There are no short-cuts in pensions, there are no silver bullets, easy answers, no lottery wins, no free alpha. There’s just a lot of hard saving backed up by good governance , cost control and sound investment strategy.
Pete Seeger, the American folk singer, composed “Where have all the flowers gone” to express his fatigue at the cynicism of the America he had fought for in the Korean war. He ends the chorus with the refrain; “when will we ever learn”. If you’ve got 119 seconds free, listen to him sing it at the end of this blog.
Financial services seems condemned to repeating its mistakes. We have a capacity to dress the mistakes in different clothes but the mistake is the same. Until we design our products, our conduct and our attitude around our customers, we will find ourselves reversing up cul-de-sacs of our own making.
When will we ever learn?
Last week I had a number of conversations with people who have been entrusted to establish auto-enrolment programs for small employers. The people I talked to were accountants, the managers of payroll bureaux and the designers of auto-enrolment software.
The common assumption is that as long as the workplace pension integrates with payroll at the commencement of the process, everything will be alright (compliant).
One firm of accountants is adopting NEST as the default, another a vertically integrated master trust managed by a national IFA, another has no guidance for the employer other than to google workplace pensions.
When will we ever learn?
We have taken short-cuts so many times. We did it with pension transfers, we did it with PPI and now we are doing it with workplace pensions.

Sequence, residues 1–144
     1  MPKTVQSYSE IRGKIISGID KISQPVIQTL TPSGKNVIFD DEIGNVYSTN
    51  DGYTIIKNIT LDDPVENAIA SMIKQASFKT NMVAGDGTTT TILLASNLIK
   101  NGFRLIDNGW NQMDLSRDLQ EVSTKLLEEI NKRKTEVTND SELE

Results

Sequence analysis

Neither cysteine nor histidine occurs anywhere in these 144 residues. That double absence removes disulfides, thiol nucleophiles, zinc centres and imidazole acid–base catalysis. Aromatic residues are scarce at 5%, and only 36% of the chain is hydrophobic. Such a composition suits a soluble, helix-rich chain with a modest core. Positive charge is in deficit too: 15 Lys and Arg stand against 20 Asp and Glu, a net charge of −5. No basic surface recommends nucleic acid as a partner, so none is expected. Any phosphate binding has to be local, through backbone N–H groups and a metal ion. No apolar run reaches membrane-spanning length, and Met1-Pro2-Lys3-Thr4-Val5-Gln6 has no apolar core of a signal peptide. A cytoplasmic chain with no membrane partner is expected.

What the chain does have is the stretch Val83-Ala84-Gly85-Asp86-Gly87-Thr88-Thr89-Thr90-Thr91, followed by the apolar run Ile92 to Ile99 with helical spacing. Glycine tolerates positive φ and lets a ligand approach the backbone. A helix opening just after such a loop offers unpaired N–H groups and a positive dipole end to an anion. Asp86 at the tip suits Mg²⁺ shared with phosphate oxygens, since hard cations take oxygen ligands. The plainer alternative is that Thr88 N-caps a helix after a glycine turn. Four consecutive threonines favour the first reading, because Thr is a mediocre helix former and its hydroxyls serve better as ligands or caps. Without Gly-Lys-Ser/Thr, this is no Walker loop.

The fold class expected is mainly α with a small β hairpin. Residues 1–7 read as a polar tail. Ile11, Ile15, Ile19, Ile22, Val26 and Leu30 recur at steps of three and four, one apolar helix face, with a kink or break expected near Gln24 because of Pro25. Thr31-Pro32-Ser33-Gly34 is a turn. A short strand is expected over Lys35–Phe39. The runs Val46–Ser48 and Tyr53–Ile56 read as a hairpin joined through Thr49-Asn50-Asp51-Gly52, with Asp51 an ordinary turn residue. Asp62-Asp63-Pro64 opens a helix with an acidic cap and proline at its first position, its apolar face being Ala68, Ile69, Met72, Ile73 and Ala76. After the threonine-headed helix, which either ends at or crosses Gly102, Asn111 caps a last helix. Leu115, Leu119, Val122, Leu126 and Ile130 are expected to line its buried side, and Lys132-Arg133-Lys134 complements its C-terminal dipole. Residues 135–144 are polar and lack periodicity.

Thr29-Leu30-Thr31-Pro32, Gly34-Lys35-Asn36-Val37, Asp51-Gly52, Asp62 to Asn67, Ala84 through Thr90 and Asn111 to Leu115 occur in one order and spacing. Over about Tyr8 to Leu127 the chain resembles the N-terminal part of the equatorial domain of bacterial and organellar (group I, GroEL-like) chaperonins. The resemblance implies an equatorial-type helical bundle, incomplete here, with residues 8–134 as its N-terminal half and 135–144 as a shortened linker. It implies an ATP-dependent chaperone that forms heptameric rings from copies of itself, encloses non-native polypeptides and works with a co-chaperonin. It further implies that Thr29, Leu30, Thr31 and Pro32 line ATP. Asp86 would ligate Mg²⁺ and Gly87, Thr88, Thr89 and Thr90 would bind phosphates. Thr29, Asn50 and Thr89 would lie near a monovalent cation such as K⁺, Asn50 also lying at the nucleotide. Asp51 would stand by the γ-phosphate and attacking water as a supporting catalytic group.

We forget that the money we are extracting from people’s pay packets is being invested for the financial futures of our nation’s workforce. They are consenting to this because they have been told, and they believe, that the investments will secure them a proper retirement. They are putting their trust in their employer to choose the right investment, for the provider to do the right thing and for Government to well – govern!
If an employee were to ask the boss how he chose the investment of a lifetime of contributions, what would you- the boss -say?
I took advice from my accountant who said…they’d spoke to the people who run our payroll and they said, they’d spoken to some financial advisers and they said…
They said what?
They said that if I couldn’t make up my mind, I should use the default- which is exactly what we did…
So you took advice?
Yes, we took the advice…
And where’s the record of that advice?
We were assured that the workplace pension we were using complied with the Government’s qualifying rules, so we didn’t ask for reasons why they selected the pension they did.
I thought that you were selecting the pension?
Well technically yes, but we didn’t want to get involved in something we didn’t understand.
And now it’s gone wrong!
Well I know, and I’m having words with our accountants, and the are having words with the software suppliers they used and we are all having words with the financial adviser.
And what are they saying?
They’re blaming the Government.
I saw that program on the TV about this..
The one that said I could join the class action? You know what it means if that action succeeds?
I’ll get compensation?
You’ll get compensation but I’ll be paying the price in my insurance premiums and we’ll have to get new accountants and a new payroll.
You should have thought about that when you set this up
That was a long time ago and there were different managers then…
Yes, but I’m still working for you , and I’ve paid into this pension every month for 20 years
But we’ve learned from their mistakes and in future it’s going to be ok.
When will you ever learn?
Ladies and Gentlemen, it doesn’t have to be like this. For the cost of a new tyre on his Jag, your boss can choose the right pension , not just for his payroll, but for you.
If he chooses to spend a couple of hundred pounds, he can get the information he needs to take his decision, a full report on what and how he chose and a certificate signed by an actuary confirming that he has followed a process with due diligence.
Don’t settle for less, don’t take short-cuts and don’t risk your workers and your company’s future.
Now for that video!